Determining the living area of a home can be somewhat challenging in real estate. Currently, there is not one nationally-recognized standard for measurement that every appraiser must follow. This can create challenges when measuring a home to list for sale, or when measuring for the appraisal after the home has a contract on it. While there is not a single set of rules that every appraiser must follow, one standard that is widely known and used is the American National Standard Institute (ANSI). Additionally, Fannie Mae and FHA each have specific guidelines that appraisers are required to follow for loans that go through those agencies.
While there is no one standard that appraisers must follow when it comes to measuring single-family homes, there is one standard that is well know; the American National Institute (ANSI).
has several guidelines for what is considered living area and what is not. One area that these guidelines cover is
ceiling height, which often creates confusion when it comes to calculating
gross living area. ANSI says that any
part of a room that has less than 5 feet from the floor to the ceiling is NOT
included in the living area. It also
says that for a room to be included in the gross living area, at least half of
the space in the room must have a ceiling height of at least 7 feet. This is important when measuring homes that have
a second or third level. There are
instances where the ceiling can be sloped in some areas with a height of less
than 5 feet. It is important that the
correct measurements are taken so that an accurate gross living area can be
calculated. Ceiling height can also be
an issue in A-frame houses. Since the
exterior walls have a slope all the way (or almost all the way) to the ground
level, appraisers must be careful when measuring A-frame homes.
following is an illustration from the ANSI standards to help clarify which
areas can be included in the GLA. (Figure 4 from The American National Standard
For Single-Family Residential Buildings)
Another area that ANSI guidelines covers is the
stairway. ANSI says that, “the area of
both stair treads and landings proceeding to the floor below is included in the
finished area of the floor from which the stairs descend, not to exceed the
area of the opening in the floor.” This
means that if you have a home with a second level, the stairs are included in
the gross living area of the second floor as long as the area of the stairs does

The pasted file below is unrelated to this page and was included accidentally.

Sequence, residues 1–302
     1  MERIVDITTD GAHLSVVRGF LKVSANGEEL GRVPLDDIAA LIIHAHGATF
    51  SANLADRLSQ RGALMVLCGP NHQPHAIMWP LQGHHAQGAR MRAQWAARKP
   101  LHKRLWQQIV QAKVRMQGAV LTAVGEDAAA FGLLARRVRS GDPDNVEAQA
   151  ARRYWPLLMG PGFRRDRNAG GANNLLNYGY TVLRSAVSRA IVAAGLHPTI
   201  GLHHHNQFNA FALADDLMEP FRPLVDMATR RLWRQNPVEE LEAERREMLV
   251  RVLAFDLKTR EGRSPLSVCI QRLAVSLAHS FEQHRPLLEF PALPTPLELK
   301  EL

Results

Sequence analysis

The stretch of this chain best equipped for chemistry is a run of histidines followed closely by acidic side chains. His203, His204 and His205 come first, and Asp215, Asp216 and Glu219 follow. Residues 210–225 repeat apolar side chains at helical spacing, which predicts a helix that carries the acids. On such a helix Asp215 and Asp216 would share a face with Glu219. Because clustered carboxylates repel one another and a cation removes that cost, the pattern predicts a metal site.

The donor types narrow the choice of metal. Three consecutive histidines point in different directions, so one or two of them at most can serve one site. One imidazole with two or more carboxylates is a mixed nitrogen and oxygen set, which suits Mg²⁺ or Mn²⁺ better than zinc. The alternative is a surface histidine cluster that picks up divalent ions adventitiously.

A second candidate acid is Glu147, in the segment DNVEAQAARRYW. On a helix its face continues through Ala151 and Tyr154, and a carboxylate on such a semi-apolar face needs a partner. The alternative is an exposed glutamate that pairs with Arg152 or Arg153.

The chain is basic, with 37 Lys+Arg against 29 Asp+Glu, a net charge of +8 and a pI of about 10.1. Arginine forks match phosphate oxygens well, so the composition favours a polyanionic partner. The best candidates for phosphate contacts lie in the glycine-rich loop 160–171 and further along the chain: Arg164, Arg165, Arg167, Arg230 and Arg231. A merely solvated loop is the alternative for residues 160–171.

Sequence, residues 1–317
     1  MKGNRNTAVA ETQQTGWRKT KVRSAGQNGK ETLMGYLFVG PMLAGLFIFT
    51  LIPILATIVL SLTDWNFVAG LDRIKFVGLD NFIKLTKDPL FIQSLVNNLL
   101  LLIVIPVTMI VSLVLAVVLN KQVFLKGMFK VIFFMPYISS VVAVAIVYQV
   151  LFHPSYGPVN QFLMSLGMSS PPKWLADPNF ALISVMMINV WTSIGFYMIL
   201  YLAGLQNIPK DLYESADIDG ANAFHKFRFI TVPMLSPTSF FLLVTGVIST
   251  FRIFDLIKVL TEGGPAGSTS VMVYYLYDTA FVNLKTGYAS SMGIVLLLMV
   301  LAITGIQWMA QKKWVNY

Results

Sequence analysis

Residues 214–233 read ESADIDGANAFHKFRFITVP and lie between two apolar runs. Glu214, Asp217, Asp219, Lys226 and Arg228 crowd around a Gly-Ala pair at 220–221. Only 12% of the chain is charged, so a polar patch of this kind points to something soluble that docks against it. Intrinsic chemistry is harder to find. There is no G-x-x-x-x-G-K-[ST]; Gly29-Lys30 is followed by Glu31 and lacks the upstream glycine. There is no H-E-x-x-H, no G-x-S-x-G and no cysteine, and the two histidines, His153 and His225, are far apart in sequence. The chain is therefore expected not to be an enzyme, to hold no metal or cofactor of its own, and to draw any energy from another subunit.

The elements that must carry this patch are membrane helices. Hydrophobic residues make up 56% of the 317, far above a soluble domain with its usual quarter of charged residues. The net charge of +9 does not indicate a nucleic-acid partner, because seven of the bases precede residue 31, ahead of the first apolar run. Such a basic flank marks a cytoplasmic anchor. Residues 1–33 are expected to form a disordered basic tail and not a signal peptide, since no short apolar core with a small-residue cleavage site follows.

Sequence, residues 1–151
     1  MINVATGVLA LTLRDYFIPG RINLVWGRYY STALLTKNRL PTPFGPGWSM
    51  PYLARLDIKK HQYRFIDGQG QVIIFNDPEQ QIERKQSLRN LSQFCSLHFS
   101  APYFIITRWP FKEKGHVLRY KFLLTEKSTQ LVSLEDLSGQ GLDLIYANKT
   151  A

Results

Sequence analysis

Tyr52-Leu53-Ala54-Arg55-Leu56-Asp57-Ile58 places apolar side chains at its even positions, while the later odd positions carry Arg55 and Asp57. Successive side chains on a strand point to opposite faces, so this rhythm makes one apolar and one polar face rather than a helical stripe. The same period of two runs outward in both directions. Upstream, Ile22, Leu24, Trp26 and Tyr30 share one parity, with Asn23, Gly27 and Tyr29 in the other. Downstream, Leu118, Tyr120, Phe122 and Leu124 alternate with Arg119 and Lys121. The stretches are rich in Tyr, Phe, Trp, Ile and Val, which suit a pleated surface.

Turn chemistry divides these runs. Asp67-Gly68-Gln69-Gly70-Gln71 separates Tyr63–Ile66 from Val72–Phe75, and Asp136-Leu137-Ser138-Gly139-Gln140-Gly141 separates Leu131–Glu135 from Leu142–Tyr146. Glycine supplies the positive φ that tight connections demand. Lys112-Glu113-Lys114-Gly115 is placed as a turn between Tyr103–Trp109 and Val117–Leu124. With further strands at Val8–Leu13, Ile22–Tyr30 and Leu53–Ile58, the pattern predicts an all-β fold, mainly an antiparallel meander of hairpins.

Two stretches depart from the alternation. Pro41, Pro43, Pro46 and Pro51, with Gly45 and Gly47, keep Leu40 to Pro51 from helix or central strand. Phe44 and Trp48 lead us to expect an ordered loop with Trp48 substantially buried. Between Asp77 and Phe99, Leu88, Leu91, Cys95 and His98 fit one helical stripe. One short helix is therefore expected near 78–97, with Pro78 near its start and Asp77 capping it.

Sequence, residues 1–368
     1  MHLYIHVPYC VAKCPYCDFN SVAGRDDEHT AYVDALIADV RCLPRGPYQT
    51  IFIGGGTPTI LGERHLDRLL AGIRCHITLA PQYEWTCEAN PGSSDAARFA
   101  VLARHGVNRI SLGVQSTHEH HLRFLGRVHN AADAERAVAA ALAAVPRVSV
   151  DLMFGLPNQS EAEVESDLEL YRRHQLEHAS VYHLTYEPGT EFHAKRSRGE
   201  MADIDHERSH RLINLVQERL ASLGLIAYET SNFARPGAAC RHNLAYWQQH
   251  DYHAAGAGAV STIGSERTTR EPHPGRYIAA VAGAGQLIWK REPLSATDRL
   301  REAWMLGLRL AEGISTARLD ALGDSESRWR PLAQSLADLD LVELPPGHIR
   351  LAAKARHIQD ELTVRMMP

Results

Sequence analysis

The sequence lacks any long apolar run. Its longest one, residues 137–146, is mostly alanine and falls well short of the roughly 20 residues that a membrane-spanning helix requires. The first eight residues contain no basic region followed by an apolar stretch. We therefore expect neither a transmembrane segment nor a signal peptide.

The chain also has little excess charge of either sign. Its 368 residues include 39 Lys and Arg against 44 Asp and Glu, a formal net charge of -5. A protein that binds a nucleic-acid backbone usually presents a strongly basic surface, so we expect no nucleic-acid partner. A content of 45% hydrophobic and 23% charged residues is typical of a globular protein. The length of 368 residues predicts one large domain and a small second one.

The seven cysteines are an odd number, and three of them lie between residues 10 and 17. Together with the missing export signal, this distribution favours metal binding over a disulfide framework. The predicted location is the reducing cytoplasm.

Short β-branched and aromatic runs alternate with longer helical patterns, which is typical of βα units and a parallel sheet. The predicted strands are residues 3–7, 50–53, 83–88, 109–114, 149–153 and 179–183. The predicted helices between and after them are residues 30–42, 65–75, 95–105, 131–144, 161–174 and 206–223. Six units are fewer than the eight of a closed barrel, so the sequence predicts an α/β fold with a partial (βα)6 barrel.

not exceed the opening above. ANSI also
goes on to say that, “areas beneath stairs are included in the finished square
footage regardless of the distance between the stairs and the floor below or of the degree of finish of that
area.” Although the area beneath the
stairs may be less than five feet, ANSI says that it is included in the square
footage of the space below the stairs.
a loan is insured by FHA, appraisers must comply with their standards. One of these standards specifies how living
area is measured. According to the FHA
guidelines, the gross living area (GLA) is defined as “the total area of finished,
above-grade residential space calculated by measuring the outside perimeter of
the structure. It includes only finished, habitable, above-grade living
space.” FHA also says that the appraiser
identify non-contiguous living area and analyze its
effect on functional utility;
ensure that finished basements and unfinished attic areas
are not included in the total GLA; and
use the same measurement techniques for the subject and
comparable sales, and report the building dimensions in a consistent manner.
to FHA, it is important that only above-grade finished areas are included in
the GLA. Also, finished areas not
accessible directly from the main dwelling are not to be included in the GLA;
i.e., a bonus room above the garage that can only be accessed through the garage. While basements are not typically part of
homes in South Louisiana, it is important for appraisers in other areas of the
country to be aware of this guideline.
also talks about “Additions and Converted Spaces.” For additions or converted space to be
considered living area, it must be:
accessible from the interior of the main dwelling in a
has a permanent and sufficient heat source; and
was built in keeping with the design, appeal, and quality
of construction of the main dwelling.
is important that the addition or conversion meet all three requirements. If any one requirement is missing, then it is
not considered part of the living area.
For example, an attic above a garage that is finished as the rest of the
dwelling is not part of the gross living area if you must walk through the
garage to access the conversion. For
these such additions or conversions that do not meet the criteria, the
appraiser must analyze the effects of the area and account for it in the
Mae also has their own guidelines on what constitutes living area. Their guidelines state that when calculating
living area, appraisers must use exterior building measurements per floor for
above-grade areas. They also state that
living area includes only finished areas that are above grade. Areas that are finished, but not included as
living area, must be considered by the appraiser by analyzing the market to
determine its effect on value.
In addition to these
guidelines, there are many more rules for calculating the living square footage
of residential properties. To get the most
accurate measurement of your home, be sure to contact a qualified appraiser who
is knowledgeable of the rules and guidelines that must be followed. If I can assist you in your measurements, you
can contact me by email at Lduple4@gmail.com
or on my phone at 337.254.2215.
FindMyAppraiser.com is a national source for finding local appraisers. It is a network of trusted, knowledgeable local appraisers, that are dedicated to delivering accurate, quality valuations for your home. Whether you are purchasing a home, refinancing a home, listing your home for sale, or going through a divorse, a local appraiser is an important part of the valuation process.